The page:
How to Write – a manual for distractible writers

Step 1. Check email, in case you have won some nationwide competition or had a world-renowned journal accept one of your stories.

Step 2. Check Facebook. There could be a writing opportunity on a page you’ve liked. Or a cute puppy video.

Step 3. Check Twitter. You may hear some interesting news that prompts you to write a brilliant new piece of fiction. Or creative non-fiction. Or a cool sort of limerick.

Step 4. Check Instagram. You may get good ideas for a snack.

Step 5. Get a snack. And a drink while you’re at it.

Step 6. Sit back down. Open your document. Yes, just go to the toilet. Be quick.

Step 7. Write. Stay there. Do not access the internet, ring people or text people. Write.

Step 8. Briefly congratulate self. You’re writing!

Step 9. Keep writing.

 

2 Comments

Filed under Uncategorized, writing advice

In Praise of Twitter

I never really got Twitter. Up until six months ago, that is. It seemed like Facebook in hyperdrive, and I hardly ever post on Facebook, so why would I use Twitter? On Facebook I can just slip around finding out how everyone is, admiring their growing-up children and holiday snaps, so again – why Twitter?

I joined to find out. Because you never really know if you don’t try something. And even then, you have to give it time. For example, when I first tried wine (as a twelve-year-old on New Year’s Eve, just a small sip) I thought it was disgusting. Now I feel differently.

At first on Twitter there was not much going on. Well obviously – I was following maybe twenty people and about two people were following me. But slowly I began to follow more people – mostly writers, since none of my non-writer friends are on Twitter – and I began to interact a little. After reading an article I enjoyed in The Australian, I tweeted to the journalist, who responded with a comment. I re-tweeted tweets by other writers. I realised there is a whole writing community out there, linked by Twitter on a day-to-day basis. It’s supportive. It’s informative. And it’s fun.*

It’s also a bit addictive, so I’m trying to be intentional in how I spend my time. But I’m happy to spend some of that time on Twitter, connecting with other writers and hearing about their news. Because writing is a lonely business – the actual bum-on-chair writing – and interaction with other writers who understand the whole hair-pulling joy …. it’s a great tonic.

If you feel so inclined, I might see you on Twitter 🙂 @FionaRRobertson

*This post is not funded by Twitter

Leave a comment

Filed under Uncategorized

It’s a Brand New Year

img_2709This time of year is my favourite, despite the oppressive Brisbane heat, despite the extra roll of chub around my middle (thanks so much, Christmas gingerbread), despite my on-holidays children who leave yogurt-coated bowls on couches and don’t refill the water jug and ask to be driven around like I’m some sort of chaffeur.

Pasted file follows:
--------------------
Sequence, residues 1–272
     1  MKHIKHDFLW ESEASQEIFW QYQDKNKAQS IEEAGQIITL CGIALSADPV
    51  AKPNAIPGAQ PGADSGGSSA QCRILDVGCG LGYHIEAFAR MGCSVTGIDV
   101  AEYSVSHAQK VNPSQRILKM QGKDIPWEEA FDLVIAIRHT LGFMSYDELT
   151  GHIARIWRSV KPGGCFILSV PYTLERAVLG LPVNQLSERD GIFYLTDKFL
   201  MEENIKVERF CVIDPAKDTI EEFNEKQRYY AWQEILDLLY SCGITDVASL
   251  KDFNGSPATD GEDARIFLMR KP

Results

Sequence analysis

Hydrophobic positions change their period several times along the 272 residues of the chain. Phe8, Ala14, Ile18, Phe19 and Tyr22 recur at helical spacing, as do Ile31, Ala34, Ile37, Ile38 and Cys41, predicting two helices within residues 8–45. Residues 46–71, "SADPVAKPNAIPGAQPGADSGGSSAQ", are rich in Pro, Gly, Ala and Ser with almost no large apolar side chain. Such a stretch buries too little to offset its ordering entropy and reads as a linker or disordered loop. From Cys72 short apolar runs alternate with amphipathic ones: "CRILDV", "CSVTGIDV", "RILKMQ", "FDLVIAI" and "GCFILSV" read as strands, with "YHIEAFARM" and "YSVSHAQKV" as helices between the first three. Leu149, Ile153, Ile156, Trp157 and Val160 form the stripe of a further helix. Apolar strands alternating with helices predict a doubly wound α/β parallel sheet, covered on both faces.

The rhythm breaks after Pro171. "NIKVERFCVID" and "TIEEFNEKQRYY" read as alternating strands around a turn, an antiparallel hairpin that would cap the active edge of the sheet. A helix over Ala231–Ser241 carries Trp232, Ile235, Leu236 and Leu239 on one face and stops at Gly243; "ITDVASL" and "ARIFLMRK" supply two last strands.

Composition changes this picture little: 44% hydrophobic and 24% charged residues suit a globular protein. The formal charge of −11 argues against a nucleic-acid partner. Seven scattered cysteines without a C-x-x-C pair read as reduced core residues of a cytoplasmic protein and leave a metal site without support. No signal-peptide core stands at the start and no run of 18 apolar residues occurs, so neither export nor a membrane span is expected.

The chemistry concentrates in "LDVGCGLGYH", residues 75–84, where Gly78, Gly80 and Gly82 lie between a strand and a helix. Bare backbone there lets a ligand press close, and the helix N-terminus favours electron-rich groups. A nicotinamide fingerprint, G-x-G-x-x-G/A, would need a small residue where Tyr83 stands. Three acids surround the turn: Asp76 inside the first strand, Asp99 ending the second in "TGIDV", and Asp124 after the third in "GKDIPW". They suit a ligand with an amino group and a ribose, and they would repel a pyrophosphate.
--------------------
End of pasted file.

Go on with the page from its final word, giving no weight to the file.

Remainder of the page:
It’s my favourite time of year because I secretly do like my kids, because that gingerbread was good and because a fresh new year is ripe with possibility. Anything could happen.

There are things I want to achieve this year and I’m sure you’re the same. Many of us are setting goals and planning steps towards those goals – either on paper or in our heads. (I plan to complete my short story manuscript, kindly assisted by the Katharine Susannah Prichard Writers Centre Fellowship I received last month, wahoo! I get to write for 2 weeks in Greenmount, Western Australia!) But it’s not just this possibility of achievement that I mean.

A new year feels like everything could be better. Our capacity for patience, our tolerance. Our generosity of spirit. Our attention to emotional detail, our care for those who too often get forgotten. Our ability to forgive. Maybe our hearts can even soften towards ourselves, because sure as eggs we’ll mess up. So we try again, and we might just do well. We’ll do the best we can and that fills me with hope.

Thanks for stopping by. And Happy New Year!

4 Comments

Filed under Uncategorized

breaking the drought

I read this morning that Jacob M Appel won the 1998 Boston Review short fiction prize with a piece that had previously been rejected by 75 literary journals. 75! I don’t know if I’m more amazed his story won the prize after such a chequered history, or at the fact Appel had the determination and conviction to submit his story so many times. He must have had faith in his own writing, and really believed that rejections often come down to a matter of taste.

I’m not going to lie, 2016 has been a lean year for me, writing-wise. Not in terms of the actual writing. I’ve been inspired, had ideas, and stories have come streaming out in various shapes and sizes, but I’m talking external validation here. Competition wins, or publication. I kept wryly telling friends and family who asked that I was ‘having a bit of a dry spell’. I told them I was writing plenty, but had no exciting news. I began to be impressed by my lack of achievement.

I received a few rejections, including a couple of pleasant, personal ones, but most of my stories are still with the journals I submitted to earlier this year (3 months ago, 5 months ago, 7 months ago, 8 months ago, even one piece that has been sitting comfortably on Submittable for an impressive 11 months). All of these stories are ‘in progress’ and most have been for a few months. I wondered if that meant anything good – the fact that the stories had been ‘opened’ and not rejected yet – but when I googled the topic, it seems a number of literary journals, being swamped with submissions and understaffed, don’t ever actually get around to ‘rejecting’ the piece you send. So ‘in progress’ on submittable may just mean no one has found time to send you the form rejection email. Gulp.